In Nathuram’s opinion, Gandhi is responsible for the sorry state and alcoholism of his own eldest son, Harilal. Apart from Apte and Badge, in no scene in the Marathi play do we see Madanlal or Gopal Godse speaking to Nathuram.

​Nathuram tried unsuccessfully to tell the court that he was the sole person who planned and executed the assassination of Gandhi and that nobody else had a hand in it. 

Neither the special judge Atmacharan nor the three judges of the Punjab High Court’s bench — Acchruram, Bhandari and Gopaldas Khosla — accepted this. GD (Gopaldas) Khosla had actually seen tears in the eyes of the women present in court and the men too groping for their handkerchiefs while the hearing on Nathuram’s appeal was on in Simla. Khosla himself was a renowned writer. In 1963, his book, The Murder of the Mahatma, was published. 

​Gopal Godse has quoted this convenient bit from it of how Nathuram’s statement impressed listeners in the court in his (Gopal Godse’s) book, Panchavanna Kotinche Bali (The Victim of fifty-five crores) under the sub-heading, ‘Innocent’. The sub–heading deliberately misleads those who have not read Khosla’s original book written in English. The truth is that Justice Khosla was unanimous with justices Atma-charan, Acchruram and Bhandari that Nathuram and Apte should be hanged.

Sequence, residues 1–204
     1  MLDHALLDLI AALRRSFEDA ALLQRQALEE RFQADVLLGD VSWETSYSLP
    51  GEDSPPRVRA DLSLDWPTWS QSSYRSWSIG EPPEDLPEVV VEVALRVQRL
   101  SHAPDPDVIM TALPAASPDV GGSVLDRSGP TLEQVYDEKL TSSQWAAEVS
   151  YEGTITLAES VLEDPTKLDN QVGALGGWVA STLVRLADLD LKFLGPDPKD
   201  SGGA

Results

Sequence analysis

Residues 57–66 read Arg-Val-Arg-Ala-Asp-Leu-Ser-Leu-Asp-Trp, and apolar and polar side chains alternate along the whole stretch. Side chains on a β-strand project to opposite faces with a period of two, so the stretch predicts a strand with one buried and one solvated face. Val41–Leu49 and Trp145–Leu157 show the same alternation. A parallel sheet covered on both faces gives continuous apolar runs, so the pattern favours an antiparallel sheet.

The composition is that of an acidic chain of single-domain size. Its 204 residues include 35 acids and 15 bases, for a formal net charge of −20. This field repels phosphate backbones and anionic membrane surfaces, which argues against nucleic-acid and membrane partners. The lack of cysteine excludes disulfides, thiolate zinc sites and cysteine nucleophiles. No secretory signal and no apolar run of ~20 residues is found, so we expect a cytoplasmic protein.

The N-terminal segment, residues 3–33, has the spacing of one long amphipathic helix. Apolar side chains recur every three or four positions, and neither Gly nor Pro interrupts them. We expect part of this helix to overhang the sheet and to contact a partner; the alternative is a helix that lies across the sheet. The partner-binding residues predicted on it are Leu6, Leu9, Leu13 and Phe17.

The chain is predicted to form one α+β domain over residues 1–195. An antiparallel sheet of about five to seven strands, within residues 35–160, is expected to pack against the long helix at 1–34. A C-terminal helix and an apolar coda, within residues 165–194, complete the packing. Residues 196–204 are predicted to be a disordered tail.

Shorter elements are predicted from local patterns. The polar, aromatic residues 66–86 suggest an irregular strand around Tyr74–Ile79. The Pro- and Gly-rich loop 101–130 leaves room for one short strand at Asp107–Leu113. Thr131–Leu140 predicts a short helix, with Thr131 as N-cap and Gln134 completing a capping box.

But, in his play, while glorifying his hero, Dalvi has not heeded the historical truth that the charge of having plotted Gandhi’s assassination was proved in the court.

When Dalvi’s character Sheikh is recording Nathuram’s statement in the police station, he asks Nathuram: “But in the conspiracy…?” Nathuram stops him and says, “Excuse me, Mr. Sheikh, you are insulting my intelligence. Can’t I plan and execute a righteous killing (Nathuram uses the word ‘vadh’ in an attempt to provide sanctity to his action. It is demons and villains who get killed in this ‘righteous’ way) on my own?” Dalvi’s Nathuram doesn’t even mention the word ‘conspiracy’ and even about 30th January, he firmly says that the plan and execution were all his.
Even if worshippers of the Godse brothers today feel that Nathuram and Gopal were incarnations of the ancient King Harishchandra of Ayodhya who was renowned for his truthfulness, it is obvious that they told a downright lie in court in order to prevent the conspiracy from being proved.
The defence lawyers (appearing for the accused) argued that the bomb explosion by Madanlal at Gandhiji’s prayer meeting on January 20 and his assassination by Nathuram on January 30 were unrelated incidents and individual acts carried out by Madanlal and Nathuram. Contrary to this, the stand on the government’s behalf was that these actions were part of the overall conspiracy and this was proved in court with evidence.